A triple interview on the future of Public Health Training in Europe: insights from Robert Buckingham, Laurent Chambaud and Andres Roman
We, young people, always found it hard to apply our knowledge into practice. What practical advices can you share with us?
RB: Trainings, trainings, trainings. And take advantage of internships to get practical expertise. In North America people pursuing an MPH must write a practicum, which is not only a thesis, but really a hands-on exercise. Use all these opportunities to go beyond the degree and to develop your practical skills.
LC: And don’t forget that you can always come back to the university. Within ASPHER we are very interested in CPD (continuos professional development), which means exactly that you leave the university and go into real life, and you come back to university later on, with your “real life” experience.
AR: I want to share my experience with you: I am a medical doctor, psychiatrist by training. I had been practicing clinical medicine for a few years when I realized I wanted to move to public health. That was not what I studied for. But through trainings and practical experiences I decided how to direct myself.
Bridging gaps between researchers and policy makers: how can we, the young professionals, help in this process?
RB: This is quite easily done at the local level. Through the University of Michigan, we have structured many interventions, especially in Tanzania, Thailand, and Honduras. There, we did run practical interventions and we collected data to inform and influence future interventions.
AR: I think it’s a bit simplistic to have researchers, policy makers and the gap in between. We have practitioners, we have the communities, we have so many other stakeholders! And the policy process, which should involve all stakeholders, it’s not limited to public health, but it applies to any single aspect of our lives. We should be able to see different stakeholders, different needs, and to facilitate the communication.
LC: Indeed, public health is not a discipline, it’s where different interests cross and meet each other. We should be aware of it. As schools of public health, we should have in place good faculties. And we should engage in teaching you one main skill: how to manage changes. I studied epidemiology some years ago, and the availability of big data is one of the biggest “disruptions” in my field: we should give our students and young professionals the ability to face changes, and to survive in them. The technological revolution will change health needs and health systems: you will be the ones handling the change!
In your view, the job market is more open to health professionals with a general background or to those with a highly specialized view?
LC: Public health is done at international, national, regional and local level. To me, this is the beauty of public health, and the expertise you develop also relates to the level in which you work. Keep trying and taking on challenges, also at different levels! Of course, if you want to be a researcher, then you need to specialize. Otherwise, it’s really a matter of what you like and what you want to do.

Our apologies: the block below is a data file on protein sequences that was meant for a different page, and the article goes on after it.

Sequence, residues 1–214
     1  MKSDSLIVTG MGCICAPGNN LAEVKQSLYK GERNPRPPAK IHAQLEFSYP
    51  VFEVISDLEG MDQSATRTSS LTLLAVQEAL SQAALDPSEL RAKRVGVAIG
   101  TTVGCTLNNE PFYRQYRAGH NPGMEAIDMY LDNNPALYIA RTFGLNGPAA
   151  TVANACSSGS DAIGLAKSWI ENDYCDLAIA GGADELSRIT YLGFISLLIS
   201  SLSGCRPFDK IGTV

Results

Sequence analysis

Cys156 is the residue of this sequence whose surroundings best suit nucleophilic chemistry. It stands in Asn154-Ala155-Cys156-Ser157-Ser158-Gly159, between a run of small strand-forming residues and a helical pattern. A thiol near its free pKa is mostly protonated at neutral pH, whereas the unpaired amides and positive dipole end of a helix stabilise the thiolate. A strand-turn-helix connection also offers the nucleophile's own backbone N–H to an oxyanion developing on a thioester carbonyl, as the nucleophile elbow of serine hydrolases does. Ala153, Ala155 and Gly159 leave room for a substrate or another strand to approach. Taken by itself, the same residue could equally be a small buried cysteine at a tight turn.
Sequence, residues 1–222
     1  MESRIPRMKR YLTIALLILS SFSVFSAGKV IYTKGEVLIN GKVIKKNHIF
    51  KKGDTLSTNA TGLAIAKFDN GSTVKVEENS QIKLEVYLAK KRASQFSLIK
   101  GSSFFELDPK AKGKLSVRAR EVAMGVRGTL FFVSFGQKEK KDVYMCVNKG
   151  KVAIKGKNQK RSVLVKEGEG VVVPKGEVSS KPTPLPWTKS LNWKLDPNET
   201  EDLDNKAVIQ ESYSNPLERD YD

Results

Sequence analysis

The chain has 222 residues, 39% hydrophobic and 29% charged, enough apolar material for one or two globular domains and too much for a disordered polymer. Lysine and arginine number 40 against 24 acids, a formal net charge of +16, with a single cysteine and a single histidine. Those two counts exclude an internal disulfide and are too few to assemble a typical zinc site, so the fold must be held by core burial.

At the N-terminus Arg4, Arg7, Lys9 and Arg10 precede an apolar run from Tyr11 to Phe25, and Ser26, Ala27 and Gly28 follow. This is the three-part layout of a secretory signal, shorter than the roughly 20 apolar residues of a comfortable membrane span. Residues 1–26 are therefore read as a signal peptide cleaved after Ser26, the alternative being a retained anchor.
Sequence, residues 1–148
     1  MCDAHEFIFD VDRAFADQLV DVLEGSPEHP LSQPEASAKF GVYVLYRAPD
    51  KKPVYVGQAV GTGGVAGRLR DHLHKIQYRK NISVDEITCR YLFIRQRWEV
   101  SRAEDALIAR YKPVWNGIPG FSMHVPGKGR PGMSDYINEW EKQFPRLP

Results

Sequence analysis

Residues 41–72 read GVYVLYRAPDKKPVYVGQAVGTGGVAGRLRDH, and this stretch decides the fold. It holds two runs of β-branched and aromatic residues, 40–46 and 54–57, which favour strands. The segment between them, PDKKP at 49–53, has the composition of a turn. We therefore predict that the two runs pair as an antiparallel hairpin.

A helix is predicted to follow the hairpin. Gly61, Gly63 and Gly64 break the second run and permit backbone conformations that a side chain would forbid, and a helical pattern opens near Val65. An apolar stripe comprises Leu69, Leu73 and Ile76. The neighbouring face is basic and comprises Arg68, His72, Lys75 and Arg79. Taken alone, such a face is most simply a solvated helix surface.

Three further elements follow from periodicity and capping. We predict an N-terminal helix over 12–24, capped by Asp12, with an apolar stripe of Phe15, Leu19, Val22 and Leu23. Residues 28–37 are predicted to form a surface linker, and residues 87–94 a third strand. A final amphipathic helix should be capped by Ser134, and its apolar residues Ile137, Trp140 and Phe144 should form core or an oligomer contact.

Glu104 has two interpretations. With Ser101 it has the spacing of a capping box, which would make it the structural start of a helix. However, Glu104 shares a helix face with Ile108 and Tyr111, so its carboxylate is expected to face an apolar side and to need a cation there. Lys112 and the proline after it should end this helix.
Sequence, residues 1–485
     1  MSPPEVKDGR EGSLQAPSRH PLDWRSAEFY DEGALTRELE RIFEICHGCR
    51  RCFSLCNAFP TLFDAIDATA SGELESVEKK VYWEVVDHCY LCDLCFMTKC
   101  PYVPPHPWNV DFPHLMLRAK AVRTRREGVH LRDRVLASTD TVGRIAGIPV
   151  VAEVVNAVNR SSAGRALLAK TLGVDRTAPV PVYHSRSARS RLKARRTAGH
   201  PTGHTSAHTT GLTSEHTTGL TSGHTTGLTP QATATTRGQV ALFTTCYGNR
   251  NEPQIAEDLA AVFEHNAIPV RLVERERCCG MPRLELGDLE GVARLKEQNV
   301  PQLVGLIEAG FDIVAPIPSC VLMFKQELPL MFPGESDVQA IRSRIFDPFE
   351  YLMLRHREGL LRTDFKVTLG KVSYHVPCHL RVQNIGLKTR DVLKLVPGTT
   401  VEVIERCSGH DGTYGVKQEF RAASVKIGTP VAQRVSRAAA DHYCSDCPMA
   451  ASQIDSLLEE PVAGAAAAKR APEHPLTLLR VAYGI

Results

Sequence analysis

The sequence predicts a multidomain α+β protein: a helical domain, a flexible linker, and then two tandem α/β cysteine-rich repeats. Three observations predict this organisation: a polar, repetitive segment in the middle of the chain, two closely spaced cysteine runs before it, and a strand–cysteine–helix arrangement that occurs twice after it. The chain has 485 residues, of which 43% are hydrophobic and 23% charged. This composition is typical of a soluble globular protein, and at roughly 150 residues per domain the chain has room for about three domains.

AR: Job flexibility characterizes our current job market. I would not limit myself to one or few options. I would rather align myself towards what I like.
RB: After they finish their MPH, there are 6 work positions for every public health professional in North America. I believe you should be more oriented towards what you like than towards what is available. And keep in mind that you need to think about a decent work-life balance, whatever choice you make!
Public health and medical doctors. What is the nexus here? Can somebody without medical background be a good public health professional?
RB: Of course! In North America, 40% of public health professionals are physicians, 60% are not!
LC: But let’s not be naive. We are a panel of three, and we are all medical doctors. As medical doctors, we have a lot of power, we are visible, we are perceived as knowledgable people by the public. That’s why we should ask more to public health physicians, to make public health more visible. Medical doctors are in the position to create public health leadership.
AR: On the concept of leadership in public health: let’s be clear that leadership doesn’t mean being in a high and leading position. Leadership means serving the others, being good professionals, and taking on the role of the leader when needed!
A last advice to the Young Gasteiners?
LC: If you are still in a school, challenge your school. Say what you need and advocate for it!
RB: When you choose, make an informed choice. For instance, if you want to obtain a degree from a public health institution in the United States, you try to go for the schools with highest quality in public health (John Hopkins, Harvard TH Chan School, University of Michigan, North Carolina Institute of Public Health, Berkeley, Yale University). Also, you try to get informed on your advisors, especially if you want to pursue a PhD: you might want to have few (Skype) meetings with your boss and colleagues before you commit some years of your life to working with these people!
AR: Get practical. And go for things that fascinate you!
This interview was conducted at the EHFG Conference 2016 by the Young Gasteiner Alessandra Lafranconia